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In "Desiree's Baby" by Kate Chopin, how is marriage portrayed?

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vhmn295 | eNoter

Posted September 10, 2012 at 7:31 PM via web

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In "Desiree's Baby" by Kate Chopin, how is marriage portrayed?

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carol-davis | College Teacher | (Level 1) Educator Emeritus

Posted September 10, 2012 at 9:52 PM (Answer #1)

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As long as everything fits, Armand Aubigny finds contentment in his marriage.  In the story, “Desiree’s Baby” by Kate Chopin, a cruel twist of fate ruins everything for the protagonist Desiree Aubigny. Told in omniscient third-person point of view, the narrator not only describes events as they unfold but also reveals the thoughts of the characters from time to time.   

Desiree’s heritage is unknown.  She was abandoned as a baby and raised by the Valmondes, a loving couple who adored Desiree.  As a young woman, Desiree is beautiful, gentle, and kind.  Armand sees her one day while he was riding by and immediately decides that she will be his bride. 

After the birth of Desiree's son, Madame Valmonde comes to see her daughter and grandson.  When she looks at the child closely, it is obvious that she sees something that Desiree,  through her love for her child, has not seen. She asks Desiree, "What does Armand say?"

Oh, Armand is the proudest father in the parish, I believe, chiefly because it is a boy, to bear his name; though he says not,--that he would have loved a girl as well. But I know it isn't true. I know he says that to please me.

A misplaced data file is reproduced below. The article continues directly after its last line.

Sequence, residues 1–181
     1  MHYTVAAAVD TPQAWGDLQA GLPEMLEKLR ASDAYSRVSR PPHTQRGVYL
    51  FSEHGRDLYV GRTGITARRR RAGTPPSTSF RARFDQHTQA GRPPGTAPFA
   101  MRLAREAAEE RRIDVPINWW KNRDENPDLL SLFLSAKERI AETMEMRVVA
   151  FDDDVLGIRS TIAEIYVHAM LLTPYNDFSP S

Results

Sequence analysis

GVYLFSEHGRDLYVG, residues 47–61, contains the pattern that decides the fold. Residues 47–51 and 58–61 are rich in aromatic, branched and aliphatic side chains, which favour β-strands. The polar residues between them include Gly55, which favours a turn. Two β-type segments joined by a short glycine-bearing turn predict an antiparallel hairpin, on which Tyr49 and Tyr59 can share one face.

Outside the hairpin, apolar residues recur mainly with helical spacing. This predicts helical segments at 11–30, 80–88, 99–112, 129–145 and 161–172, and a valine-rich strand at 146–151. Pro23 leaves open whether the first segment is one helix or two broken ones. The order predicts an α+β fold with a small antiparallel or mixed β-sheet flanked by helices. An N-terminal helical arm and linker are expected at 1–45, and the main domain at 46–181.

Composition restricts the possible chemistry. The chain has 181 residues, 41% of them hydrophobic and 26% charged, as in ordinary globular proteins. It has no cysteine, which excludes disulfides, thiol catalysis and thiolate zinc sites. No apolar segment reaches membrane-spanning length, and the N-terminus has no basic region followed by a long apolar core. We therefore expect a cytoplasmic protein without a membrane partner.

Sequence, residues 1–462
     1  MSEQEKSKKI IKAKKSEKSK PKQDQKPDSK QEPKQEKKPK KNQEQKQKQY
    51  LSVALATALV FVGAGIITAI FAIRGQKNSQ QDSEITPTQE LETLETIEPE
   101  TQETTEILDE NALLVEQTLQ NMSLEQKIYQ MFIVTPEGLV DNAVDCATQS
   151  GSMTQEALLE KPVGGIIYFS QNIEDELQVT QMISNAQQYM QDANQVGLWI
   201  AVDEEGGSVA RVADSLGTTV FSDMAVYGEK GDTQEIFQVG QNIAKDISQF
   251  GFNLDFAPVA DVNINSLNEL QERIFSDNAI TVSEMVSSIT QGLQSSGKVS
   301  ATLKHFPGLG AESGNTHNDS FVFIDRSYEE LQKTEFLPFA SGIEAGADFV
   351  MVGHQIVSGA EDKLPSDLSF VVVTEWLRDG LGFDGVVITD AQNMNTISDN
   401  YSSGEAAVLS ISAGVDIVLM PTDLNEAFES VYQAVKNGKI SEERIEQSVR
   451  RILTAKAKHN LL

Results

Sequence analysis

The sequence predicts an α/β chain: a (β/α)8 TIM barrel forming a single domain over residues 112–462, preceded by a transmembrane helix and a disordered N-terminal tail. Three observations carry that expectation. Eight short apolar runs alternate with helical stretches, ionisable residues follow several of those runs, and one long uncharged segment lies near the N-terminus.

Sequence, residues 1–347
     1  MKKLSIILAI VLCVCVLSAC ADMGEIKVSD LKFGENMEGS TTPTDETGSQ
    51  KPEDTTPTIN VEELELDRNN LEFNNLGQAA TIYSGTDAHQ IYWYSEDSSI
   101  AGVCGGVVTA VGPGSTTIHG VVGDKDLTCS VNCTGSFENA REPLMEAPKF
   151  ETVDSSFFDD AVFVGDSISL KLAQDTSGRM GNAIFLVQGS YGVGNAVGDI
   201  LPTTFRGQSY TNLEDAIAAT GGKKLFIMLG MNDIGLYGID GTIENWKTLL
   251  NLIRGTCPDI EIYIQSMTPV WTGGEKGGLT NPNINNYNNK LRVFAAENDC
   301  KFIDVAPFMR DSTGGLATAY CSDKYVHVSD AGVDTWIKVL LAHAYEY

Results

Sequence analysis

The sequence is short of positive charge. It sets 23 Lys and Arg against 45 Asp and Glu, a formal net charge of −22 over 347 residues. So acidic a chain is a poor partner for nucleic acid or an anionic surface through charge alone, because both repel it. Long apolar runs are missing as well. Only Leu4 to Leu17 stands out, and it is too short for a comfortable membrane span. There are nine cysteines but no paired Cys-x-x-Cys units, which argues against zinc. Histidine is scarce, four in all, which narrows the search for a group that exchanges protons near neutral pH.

Marriage, and later the birth of his son, had softened Armand greatly. This is was what made the gentle Desiree so happy, for she loved him desperately.

Finally, when the baby was three months old, a young mulatto [mixed race] boy fanned the child.  Desiree looked at the mulatto boy and then her son. She looked again and realized that her baby had the features of a mulatto just like the older boy.

Desiree was clever but naïve.  Looking back, she realized that something had changed in her relationship with Armand:

When he spoke to her, it was with averted eyes, from which the old love-light seemed to have gone out. He absented himself from home; and when there, avoided her presence and that of her child, without excuse.

When Desiree confronts Armand, he tells her that the child is obviously not white.  Desiree is devastated. Armand tells her he does not love her any more.  He tells her to go and refuses to speak to her.  In his ignorance, he blames her for ruining his happiness..   

She had tricked him, and he could never forgive her. Desiree picks up the baby in her nightgown and walks off into the fields.  Armand burns everything that belonged to Desiree and the baby.

Here is the real pay back for Armand. He finds a letter written from his mother to his father. In it, she indicates that Armand is bi-racial…

Armand, typical of his class, arrogantly shuns his wife, who before the birth of the baby, he had adored.  Like many  American men of the nineteenth century South, Armand  finds  the worth of a person based on her race. If he really loved her how could he change so quickly?  Society would not accept this marriage or the baby if there were any question of their race.  Without any attempt to aid or help Desiree, Armand disowns both her and the baby.

It is hard to determine the reaction in today's society of the discovery that someone is mulatto after marriage. However, there are many mixed race relationships. View on the races dating and marrying have become so much more liberal than Armand's time. 

The reader must wonder how Armand feels after his discovery of his questionable race.  Will he try to find Desiree and make up for his misplaced actions? It is doubtful that Armand will do the right thing. He will only curse God and blame others for his problems.

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